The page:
Best of the Barley

A lovely ballad by the Scottish songwriter Brian McNeill from his collection Back O’ The North Wind. It tells the true story of his uncle’s immigration to the United States where he found work as a woodworker in 1920s Michigan–successfully finding drink even in the midst of Prohibition. (“To find a dram in a foreign land is the natural gift of a Falkirk man/and Lady Liberty looked the other way”).  He endured the depression and returned to his native Scotland to serve in the Second World War and storm the beaches at Normandy. He married a girl he had waved at from the deck of the ship on one of his voyages. McNeill’s lyrics tell a powerful story of resilience and persistence in the face of adversity.

I learned the song from a recording by Ed Miller a Scottish singer, songwriter, and folklorist from Austin, Texas. When I was a kid, Ed would occasionally host the “Folkways” show on KUT on Saturday mornings. As a performer, he is wonderfully funny and engaging. (more…)

Sunrays and Saturdays

This week, it’s a cover of Vertical Horizon’s “Sunrays and Saturdays” from their mid-1990s album Running on Ice. Keith Kane and Matt Scannell played together for a number of years through the mid- and late-1990s into the early 2000s and had something of a following on the college circuit. They wrote some great songs and recorded several solid albums. Unfortunately their transition to a major label didn’t go smoothly and after fifteen minutes of radio fame, they more or less disappeared from the airwaves. As far as I know they aren’t still playing together, though I believe Matt Scannell still tours some. I dredged this album back up a few months ago and realized it’s still got some pretty good songs on it. Here’s one of them–It’s a nice, mellow, sad-but-not-too-sad breakup song. There’s also a recent-ish version of Matt playing it live available on YouTube (https://youtu.be/AiNdAgCAae0) — once you’ve listened to mine you should go hear what it sounds like when played by someone who can actually sing and play guitar. (more…)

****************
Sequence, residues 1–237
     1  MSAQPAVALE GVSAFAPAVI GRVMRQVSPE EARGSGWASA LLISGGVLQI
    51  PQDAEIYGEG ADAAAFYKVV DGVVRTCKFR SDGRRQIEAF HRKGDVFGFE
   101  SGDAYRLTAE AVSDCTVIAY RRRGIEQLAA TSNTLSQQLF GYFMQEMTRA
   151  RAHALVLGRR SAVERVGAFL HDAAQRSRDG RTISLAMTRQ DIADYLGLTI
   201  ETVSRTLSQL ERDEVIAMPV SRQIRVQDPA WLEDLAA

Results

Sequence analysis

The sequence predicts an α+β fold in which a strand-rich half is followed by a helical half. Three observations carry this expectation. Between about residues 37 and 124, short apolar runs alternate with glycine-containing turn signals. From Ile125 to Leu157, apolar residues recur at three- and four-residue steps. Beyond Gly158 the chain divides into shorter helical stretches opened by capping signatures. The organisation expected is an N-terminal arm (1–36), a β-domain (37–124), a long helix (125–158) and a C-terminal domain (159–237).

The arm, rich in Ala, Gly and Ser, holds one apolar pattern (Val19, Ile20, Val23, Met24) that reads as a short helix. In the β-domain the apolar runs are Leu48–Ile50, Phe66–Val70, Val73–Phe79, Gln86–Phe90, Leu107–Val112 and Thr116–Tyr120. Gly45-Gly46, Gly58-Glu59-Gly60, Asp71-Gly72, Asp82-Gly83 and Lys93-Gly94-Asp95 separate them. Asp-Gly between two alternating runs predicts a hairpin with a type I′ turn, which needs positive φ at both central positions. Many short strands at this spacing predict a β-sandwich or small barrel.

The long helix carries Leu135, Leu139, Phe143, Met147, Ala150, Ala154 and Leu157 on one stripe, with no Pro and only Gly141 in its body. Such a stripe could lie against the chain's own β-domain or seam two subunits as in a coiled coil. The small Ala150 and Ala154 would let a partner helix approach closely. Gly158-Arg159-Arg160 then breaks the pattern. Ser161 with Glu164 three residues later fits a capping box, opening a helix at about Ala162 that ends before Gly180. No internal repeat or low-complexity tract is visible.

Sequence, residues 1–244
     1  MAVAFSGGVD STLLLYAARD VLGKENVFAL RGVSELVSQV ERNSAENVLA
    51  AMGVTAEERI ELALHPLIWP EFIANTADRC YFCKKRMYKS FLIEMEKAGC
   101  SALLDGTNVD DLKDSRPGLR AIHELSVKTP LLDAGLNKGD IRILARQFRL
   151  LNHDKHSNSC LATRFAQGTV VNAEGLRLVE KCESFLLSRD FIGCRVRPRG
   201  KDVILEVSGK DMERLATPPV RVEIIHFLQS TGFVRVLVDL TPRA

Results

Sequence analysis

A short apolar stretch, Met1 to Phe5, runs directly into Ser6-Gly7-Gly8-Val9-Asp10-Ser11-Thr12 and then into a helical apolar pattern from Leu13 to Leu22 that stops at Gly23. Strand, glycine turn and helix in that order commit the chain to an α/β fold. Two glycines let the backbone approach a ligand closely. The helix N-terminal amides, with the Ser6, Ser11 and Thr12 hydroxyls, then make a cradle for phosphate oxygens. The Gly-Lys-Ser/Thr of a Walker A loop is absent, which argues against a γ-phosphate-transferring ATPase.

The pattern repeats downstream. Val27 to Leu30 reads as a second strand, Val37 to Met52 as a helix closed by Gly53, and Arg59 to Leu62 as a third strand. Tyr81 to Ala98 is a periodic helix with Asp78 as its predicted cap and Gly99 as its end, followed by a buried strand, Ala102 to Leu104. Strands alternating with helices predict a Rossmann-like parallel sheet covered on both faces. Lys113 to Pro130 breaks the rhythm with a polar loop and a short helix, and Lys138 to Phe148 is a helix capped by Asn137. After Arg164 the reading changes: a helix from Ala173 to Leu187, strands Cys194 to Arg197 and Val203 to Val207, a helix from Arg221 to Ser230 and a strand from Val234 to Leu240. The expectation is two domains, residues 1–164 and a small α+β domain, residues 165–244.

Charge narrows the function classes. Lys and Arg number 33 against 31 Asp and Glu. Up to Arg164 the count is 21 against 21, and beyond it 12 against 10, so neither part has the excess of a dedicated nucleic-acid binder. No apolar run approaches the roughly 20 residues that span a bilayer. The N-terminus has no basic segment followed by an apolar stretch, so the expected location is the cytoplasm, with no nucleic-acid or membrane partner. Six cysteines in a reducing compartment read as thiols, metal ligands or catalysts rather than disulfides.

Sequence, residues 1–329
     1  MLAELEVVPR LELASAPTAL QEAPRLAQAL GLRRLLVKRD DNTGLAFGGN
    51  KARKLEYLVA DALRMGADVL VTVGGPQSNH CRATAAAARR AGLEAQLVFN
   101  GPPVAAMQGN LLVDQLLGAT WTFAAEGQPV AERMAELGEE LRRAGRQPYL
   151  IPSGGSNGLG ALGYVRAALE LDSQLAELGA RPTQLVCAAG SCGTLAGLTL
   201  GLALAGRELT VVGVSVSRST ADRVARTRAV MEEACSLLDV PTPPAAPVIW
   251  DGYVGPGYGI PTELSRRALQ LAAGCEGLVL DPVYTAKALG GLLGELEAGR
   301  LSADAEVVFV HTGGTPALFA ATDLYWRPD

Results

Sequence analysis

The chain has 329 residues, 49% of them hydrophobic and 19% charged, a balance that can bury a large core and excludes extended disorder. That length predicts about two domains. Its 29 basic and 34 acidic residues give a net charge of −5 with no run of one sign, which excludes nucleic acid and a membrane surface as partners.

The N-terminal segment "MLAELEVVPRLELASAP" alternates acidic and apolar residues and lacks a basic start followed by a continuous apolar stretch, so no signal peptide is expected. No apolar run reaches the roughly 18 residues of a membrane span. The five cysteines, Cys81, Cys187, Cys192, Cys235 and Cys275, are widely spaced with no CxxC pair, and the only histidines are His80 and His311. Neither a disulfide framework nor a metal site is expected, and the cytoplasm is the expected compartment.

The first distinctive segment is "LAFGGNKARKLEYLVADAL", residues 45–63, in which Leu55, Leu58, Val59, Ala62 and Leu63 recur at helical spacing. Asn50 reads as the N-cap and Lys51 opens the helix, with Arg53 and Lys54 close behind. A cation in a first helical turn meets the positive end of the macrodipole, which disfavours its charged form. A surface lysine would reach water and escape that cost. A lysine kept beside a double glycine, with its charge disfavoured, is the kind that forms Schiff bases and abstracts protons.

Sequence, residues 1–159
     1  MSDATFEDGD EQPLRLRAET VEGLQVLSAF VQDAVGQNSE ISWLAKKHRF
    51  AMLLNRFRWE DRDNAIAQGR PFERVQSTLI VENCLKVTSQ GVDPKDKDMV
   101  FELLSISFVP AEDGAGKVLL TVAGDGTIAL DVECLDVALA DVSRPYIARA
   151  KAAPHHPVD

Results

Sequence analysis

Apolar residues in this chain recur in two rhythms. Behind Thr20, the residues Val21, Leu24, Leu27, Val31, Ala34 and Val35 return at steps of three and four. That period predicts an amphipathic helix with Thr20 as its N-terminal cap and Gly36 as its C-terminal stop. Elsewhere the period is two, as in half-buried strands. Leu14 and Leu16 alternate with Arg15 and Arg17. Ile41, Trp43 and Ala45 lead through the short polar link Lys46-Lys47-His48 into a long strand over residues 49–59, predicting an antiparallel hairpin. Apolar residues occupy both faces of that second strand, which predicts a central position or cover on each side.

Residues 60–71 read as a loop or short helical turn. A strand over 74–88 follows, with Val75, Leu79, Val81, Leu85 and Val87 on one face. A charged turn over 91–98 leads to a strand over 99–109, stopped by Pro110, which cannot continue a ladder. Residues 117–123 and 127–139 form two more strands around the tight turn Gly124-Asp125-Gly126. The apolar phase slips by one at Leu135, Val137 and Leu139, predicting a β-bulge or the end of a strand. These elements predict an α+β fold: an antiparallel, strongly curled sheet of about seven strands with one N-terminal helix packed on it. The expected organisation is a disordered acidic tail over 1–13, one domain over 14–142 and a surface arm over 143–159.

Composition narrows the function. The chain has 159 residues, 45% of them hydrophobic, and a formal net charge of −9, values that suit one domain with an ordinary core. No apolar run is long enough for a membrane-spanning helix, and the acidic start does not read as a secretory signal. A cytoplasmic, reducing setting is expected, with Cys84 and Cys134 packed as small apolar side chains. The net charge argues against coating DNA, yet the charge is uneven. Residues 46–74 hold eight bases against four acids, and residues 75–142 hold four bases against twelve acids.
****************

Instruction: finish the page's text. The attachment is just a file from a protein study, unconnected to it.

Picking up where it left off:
On Susan’s Floor

It’s been far too long since I posted one of these. This is a cover of “On Susan’s Floor” from Gordon Lightfoot’s 1972 album Don Quixote. It’s one of only a handful of songs on Lightfoot’s albums not written by Gord himself. This is actually the work of the American poet Shell Silverstein, best known for his book Where the Sidewalk Ends. Silverstein seems to have dabbled in songwriting during the late ’60s. I’ve heard a handful of his tunes and they’re all good, but this one is a personal favorite. I’ve been playing it for more than fifteen years, going back to my days playing open mic nights in Oklahoma City, but I feel like I’ve only started to get the feel of the song down just right in the last couple of years. (more…)

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